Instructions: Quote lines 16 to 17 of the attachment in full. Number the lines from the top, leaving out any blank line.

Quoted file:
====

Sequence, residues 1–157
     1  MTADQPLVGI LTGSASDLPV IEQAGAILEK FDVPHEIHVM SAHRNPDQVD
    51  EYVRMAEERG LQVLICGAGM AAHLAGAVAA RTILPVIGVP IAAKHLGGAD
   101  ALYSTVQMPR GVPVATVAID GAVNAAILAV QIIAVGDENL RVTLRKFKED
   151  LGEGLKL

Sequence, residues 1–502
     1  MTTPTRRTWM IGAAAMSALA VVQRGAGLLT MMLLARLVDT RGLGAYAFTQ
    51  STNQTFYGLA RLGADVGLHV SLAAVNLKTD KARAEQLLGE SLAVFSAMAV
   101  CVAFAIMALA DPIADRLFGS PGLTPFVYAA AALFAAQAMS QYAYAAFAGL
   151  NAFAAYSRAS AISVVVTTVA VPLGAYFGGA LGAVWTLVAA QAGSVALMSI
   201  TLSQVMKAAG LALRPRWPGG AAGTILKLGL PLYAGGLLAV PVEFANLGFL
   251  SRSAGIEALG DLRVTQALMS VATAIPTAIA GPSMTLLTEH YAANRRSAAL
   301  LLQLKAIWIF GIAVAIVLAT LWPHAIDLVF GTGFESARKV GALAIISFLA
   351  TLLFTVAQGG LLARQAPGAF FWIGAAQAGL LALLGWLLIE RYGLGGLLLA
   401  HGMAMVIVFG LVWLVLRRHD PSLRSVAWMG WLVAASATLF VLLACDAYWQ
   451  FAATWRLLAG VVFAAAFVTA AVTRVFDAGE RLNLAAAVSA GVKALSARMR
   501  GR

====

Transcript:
   451  FAATWRLLAG VVFAAAFVTA AVTRVFDAGE RLNLAAAVSA GVKALSARMR
   501  GR